Common Concerns About Wind Power - 2nd edition
Evidence-based analysis drawing on peer-reviewed and publicly funded studies
Project duration: July 2017 ongoing
Our popular Common Concerns About Wind Power has been updated into a new and expanded edition.
Click here to download.
We first published Common Concerns About Wind Power in 2011 in response to requests from community energy groups looking for factual information about wind power. Around 10,000 printed copies were distributed, and the online version has had nearly 25,000 downloads since 2015.
The second edition reflects changes that have taken place in the legal, economic and political sphere since 2011. It is considerably more in-depth than the first edition, and contains several new chapters, covering topics that were not being widely discussed when the first edition was being prepared.
The increasing presence of wind farms across the country means that communities everywhere will continue needing to address the issues surrounding wind power. Changes to government planning policy in 2015 mean that onshore wind developments cannot now proceed without a site first having been allocated in a local or neighbourhood plan. (Back in 2016, CSE produced a guidance note for community energy groups seeking to do this.)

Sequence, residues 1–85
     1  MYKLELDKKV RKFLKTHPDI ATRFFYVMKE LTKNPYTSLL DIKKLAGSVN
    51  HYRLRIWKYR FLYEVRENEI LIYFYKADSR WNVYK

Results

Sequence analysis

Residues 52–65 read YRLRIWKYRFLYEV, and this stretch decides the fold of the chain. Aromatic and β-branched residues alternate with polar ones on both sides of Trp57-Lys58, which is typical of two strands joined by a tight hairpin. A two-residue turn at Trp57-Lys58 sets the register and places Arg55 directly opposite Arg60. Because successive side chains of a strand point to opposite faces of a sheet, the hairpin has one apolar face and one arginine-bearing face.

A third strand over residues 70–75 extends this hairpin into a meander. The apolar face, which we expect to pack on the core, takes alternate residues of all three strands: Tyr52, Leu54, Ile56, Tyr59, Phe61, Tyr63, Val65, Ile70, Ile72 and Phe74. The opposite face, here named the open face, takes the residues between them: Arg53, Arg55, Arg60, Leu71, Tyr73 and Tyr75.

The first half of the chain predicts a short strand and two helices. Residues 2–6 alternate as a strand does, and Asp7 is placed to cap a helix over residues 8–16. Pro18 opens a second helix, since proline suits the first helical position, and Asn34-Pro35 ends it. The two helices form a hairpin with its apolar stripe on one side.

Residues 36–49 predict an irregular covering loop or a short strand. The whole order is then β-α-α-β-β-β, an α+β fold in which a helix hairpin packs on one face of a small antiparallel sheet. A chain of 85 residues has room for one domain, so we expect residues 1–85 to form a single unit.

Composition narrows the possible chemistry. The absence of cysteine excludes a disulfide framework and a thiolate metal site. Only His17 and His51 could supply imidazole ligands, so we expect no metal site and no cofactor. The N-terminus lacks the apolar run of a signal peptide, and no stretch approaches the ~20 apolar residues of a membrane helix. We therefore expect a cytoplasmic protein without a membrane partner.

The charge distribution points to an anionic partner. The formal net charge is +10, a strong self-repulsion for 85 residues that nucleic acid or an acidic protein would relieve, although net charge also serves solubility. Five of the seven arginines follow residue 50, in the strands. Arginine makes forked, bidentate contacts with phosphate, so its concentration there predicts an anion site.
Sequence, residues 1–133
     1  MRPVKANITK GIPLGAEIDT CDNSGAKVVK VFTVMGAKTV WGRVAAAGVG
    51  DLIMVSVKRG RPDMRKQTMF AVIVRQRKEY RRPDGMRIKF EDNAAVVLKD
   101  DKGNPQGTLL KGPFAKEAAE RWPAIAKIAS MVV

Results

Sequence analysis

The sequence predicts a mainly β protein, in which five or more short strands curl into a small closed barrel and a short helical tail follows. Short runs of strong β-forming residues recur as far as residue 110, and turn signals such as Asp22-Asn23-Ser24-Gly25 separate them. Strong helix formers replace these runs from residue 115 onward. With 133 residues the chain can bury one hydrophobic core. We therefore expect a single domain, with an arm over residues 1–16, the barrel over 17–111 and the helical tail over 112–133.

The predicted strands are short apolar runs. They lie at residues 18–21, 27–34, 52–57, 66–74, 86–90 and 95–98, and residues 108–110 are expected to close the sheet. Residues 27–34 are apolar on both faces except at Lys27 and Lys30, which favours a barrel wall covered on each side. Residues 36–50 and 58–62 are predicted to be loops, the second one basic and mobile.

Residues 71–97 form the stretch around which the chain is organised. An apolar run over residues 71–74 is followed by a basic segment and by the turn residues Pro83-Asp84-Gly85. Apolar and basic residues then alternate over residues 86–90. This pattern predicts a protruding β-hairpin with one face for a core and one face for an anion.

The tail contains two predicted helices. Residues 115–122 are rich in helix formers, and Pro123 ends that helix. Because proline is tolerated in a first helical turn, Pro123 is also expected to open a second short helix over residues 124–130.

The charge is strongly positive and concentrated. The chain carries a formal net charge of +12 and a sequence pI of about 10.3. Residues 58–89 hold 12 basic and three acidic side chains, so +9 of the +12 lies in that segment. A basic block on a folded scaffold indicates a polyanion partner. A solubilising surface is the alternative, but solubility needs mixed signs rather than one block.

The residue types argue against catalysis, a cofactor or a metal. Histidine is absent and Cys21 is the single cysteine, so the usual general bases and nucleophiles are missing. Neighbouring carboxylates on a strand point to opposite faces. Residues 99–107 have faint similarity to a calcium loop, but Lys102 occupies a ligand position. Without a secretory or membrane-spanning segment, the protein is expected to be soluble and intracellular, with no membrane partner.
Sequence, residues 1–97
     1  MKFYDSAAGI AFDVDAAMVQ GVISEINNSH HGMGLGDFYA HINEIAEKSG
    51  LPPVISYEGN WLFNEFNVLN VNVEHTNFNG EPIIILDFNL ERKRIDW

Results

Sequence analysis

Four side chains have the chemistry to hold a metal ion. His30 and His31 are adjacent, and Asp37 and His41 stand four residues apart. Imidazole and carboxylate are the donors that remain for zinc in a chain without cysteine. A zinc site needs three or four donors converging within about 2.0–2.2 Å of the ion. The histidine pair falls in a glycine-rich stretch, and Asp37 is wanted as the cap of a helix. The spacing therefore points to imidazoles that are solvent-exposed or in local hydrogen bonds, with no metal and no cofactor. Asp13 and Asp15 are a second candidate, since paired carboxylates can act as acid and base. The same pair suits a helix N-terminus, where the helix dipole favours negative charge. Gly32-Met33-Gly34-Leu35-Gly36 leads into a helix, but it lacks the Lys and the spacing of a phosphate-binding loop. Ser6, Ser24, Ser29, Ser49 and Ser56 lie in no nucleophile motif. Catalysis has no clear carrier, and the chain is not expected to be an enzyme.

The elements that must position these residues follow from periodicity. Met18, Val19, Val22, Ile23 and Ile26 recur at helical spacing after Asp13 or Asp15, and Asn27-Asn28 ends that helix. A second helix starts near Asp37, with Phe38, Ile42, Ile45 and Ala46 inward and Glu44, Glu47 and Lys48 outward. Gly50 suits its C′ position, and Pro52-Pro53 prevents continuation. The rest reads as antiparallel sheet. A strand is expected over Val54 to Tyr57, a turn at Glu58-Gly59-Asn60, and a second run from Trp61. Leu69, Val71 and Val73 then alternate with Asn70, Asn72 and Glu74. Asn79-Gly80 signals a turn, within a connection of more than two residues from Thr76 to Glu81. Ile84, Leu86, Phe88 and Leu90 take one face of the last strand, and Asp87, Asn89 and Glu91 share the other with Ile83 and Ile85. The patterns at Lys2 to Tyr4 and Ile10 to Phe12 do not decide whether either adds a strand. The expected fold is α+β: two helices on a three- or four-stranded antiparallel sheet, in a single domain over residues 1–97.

Even though the current government has decided to withdraw support for onshore wind, it is now the cheapest form of low carbon electricity generation (according to the government's own figures). It therefore remains important that current and future public discourse and policy decisions about this important technology are well-informed, drawing on a wide range of the high quality evidence available rather than a partial selection to suit a line of argument (either in favour or against).
This publication, therefore, should provide a comprehensive grounding in the facts for local authorities and communities as they undertake the development of local policies with regards to wind power and renewable energy in general. As before, this edition of Common Concerns about Wind Power relies heavily on academic peer reviewed publications, expert reports and government studies and we hope this update continues to provide an independent guide to the issues.
All chapters written and researched by Iain Cox.